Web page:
• Mary says:

      Yeah, at the place where I worked we basically would tell people up front that if they had a severe food allergy they shouldn’t eat our food.

      Our customers wanted their service far, far too fast for us to be able to really properly prevent cross contamination. It was hell on wheels for me just to manage to keep the meat apart for the vegetarians, and I’m pretty sure I’m the only person that tried. But we just didn’t have the space or the equipment to really be CERTAIN the food was free of one ingredient or another, and none of us wanted to tell a customer something was fine to find out the chef had randomly ended up not changing gloves or using the same spoon or something.

  20. tungstencoil says:

    I really, really hate how plastic gloves became the de facto standard of visible food prep oh, sometime around the mid- or late-nineties. They’ve *always* grossed me out for exactly the reasons listed. I’d go so far as to replace “Aren’t Enough for Food Safety” to “Has No or a Detrimental Effect on Food Safety”.

    I remember being in the French Quarter, in front of Cafe DuMonde, where a small crowd was watching a woman make pralines with her bare hands. Someone yelled – through the glass – “Why aren’t you wearing gloves?!” and the woman replied back, “I wash my hands.”

  21. SG-Cleve says:

    They touch the outside of the glove with their bare hands when they pick up the gloves and put them on, so the outside of the glove is contaminated by whatever is on the hand anyway.

    I’ve had sandwich makers at Subway handle money with a gloved hand, then make a sandwich. Everyone knows how clean money is.

  22. HogwartsProfessor says:

    Used to work in a sandwich shop, and along with very frequent hand washing, we had a sanitizer unit near the food prep area. ALWAYS it was drilled into us to use the sanitizer, especially if you had to do the register thing and then make someone’s food. If you did not use it, other workers would tell you to use it and it was a writeup if you did not. In the four years I worked there, we never had anyone come in and say the food made them sick.

    I’m not saying no one ever got sick; I’m just saying it never happened while I was there.

  23. sprocket79 says:

    Once when I was at a big arena for a concert, I saw a food service worker in the bathroom. She had just come out of a stall after doing her business. She was still wearing her gloves. She then went to the sink and washed her hands with her gloves on. It was so disturbing. I really wish I had said something to her, but I was too shocked to do anything.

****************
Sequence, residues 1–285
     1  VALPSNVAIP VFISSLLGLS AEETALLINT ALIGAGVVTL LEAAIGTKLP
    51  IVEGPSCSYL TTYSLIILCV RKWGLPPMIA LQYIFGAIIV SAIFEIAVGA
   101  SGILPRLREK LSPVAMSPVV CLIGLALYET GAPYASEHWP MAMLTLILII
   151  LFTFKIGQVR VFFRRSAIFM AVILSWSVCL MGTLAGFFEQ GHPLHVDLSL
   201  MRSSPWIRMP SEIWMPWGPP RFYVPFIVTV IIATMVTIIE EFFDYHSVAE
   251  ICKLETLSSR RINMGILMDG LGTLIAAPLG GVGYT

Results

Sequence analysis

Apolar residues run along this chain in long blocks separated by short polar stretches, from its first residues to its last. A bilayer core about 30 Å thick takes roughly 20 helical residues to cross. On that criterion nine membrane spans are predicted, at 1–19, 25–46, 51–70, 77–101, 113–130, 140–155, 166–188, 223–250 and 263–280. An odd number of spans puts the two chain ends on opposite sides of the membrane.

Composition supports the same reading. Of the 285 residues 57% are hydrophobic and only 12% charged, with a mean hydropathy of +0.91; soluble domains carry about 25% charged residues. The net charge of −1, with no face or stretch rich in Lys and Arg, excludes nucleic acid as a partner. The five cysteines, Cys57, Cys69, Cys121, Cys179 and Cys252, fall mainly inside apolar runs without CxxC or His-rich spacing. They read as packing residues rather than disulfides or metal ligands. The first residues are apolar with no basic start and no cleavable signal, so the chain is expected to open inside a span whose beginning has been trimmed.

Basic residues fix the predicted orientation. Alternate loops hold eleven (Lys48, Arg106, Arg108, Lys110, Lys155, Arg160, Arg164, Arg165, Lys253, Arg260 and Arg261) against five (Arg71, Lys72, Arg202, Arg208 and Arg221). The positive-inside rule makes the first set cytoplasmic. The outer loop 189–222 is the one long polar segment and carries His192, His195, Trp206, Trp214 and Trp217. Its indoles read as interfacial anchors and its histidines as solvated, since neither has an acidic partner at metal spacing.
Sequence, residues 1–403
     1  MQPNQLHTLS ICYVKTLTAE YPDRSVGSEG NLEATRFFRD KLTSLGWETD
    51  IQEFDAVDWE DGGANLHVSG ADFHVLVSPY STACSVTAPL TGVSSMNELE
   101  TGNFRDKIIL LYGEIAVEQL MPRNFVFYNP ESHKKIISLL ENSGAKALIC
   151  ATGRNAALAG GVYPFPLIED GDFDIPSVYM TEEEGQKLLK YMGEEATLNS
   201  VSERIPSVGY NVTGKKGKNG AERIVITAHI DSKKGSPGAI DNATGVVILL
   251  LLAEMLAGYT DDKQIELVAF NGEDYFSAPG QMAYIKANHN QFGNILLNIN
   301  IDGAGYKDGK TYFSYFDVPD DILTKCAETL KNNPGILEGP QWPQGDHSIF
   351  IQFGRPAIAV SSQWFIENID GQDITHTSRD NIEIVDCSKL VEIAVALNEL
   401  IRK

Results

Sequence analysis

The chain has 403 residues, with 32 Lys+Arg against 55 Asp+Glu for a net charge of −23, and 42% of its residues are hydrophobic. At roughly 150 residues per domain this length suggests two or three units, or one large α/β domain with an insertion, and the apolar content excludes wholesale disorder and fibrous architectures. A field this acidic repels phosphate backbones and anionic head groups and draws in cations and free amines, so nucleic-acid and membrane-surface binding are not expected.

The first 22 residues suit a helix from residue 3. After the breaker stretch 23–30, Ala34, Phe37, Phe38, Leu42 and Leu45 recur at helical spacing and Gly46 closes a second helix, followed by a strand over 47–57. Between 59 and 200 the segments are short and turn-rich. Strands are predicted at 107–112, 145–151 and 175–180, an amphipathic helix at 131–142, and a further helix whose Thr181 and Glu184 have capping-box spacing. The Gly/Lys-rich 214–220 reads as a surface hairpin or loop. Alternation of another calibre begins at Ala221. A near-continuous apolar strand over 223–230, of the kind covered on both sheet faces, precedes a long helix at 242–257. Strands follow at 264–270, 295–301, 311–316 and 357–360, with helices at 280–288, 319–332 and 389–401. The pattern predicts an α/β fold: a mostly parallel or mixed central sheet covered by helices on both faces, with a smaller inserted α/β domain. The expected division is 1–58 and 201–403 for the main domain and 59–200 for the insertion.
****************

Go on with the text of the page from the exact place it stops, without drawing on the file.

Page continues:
24. Big Mama Pain says:

    When prepping, I only use gloves to protect MYSELF from gross bacteria (like salmonella, which can enter your blood stream via cuts and sores); line cooking, forget about it. I’ve worked in restaurants that misguidedly try and enforce glove rules and as a result saw many a cook work with their fingers coming out through the tears in the gloves, melted latex into burns, and dishwashers going to the bathroom with them on. There’s just a lack of understanding on how to properly use gloves; people think they are magic bacteria repellents or something. It’s far easier to train how and when to wash hands (and use utensils to handle food as much as possible)

  25. Mary says:

    When I was wearing gloves for a job, the thing that got me was that because there was no size that fit me properly (medium was too small, large was too large) I had to go with the mediums because the large would fall off or get in the way and tear.

    But the mediums were so tight that they would make me sweat and combined with the powder and everything else, they made my skin peel off in sheets. It was disgusting. But customers wouldn’t want to wait for me to go through a thorough hand washing in between gloves (they barely wanted to wait for me to change gloves even when I found it absolutely necessary) so I have no idea how much contamination there might have been.

  26. thisistobehelpful says:

    Can we please just have both?

  27. The Marionette says:

    It’s common sense that you should wash your hands after wearing gloves, of course the ones who don’t have that common sense think it’s a bad idea to wear them.

  28. Kensuke Nakamura says:

    Hope this changes procedure, I think it’s so wasteful to use a new pair of gloves with every customer. This is food prep, not surgery. I would much rather the wash their hands every 20 minutes and whenever there is a contamination than waste gloves.

  29. Jerem43 says:

    I could have told you that…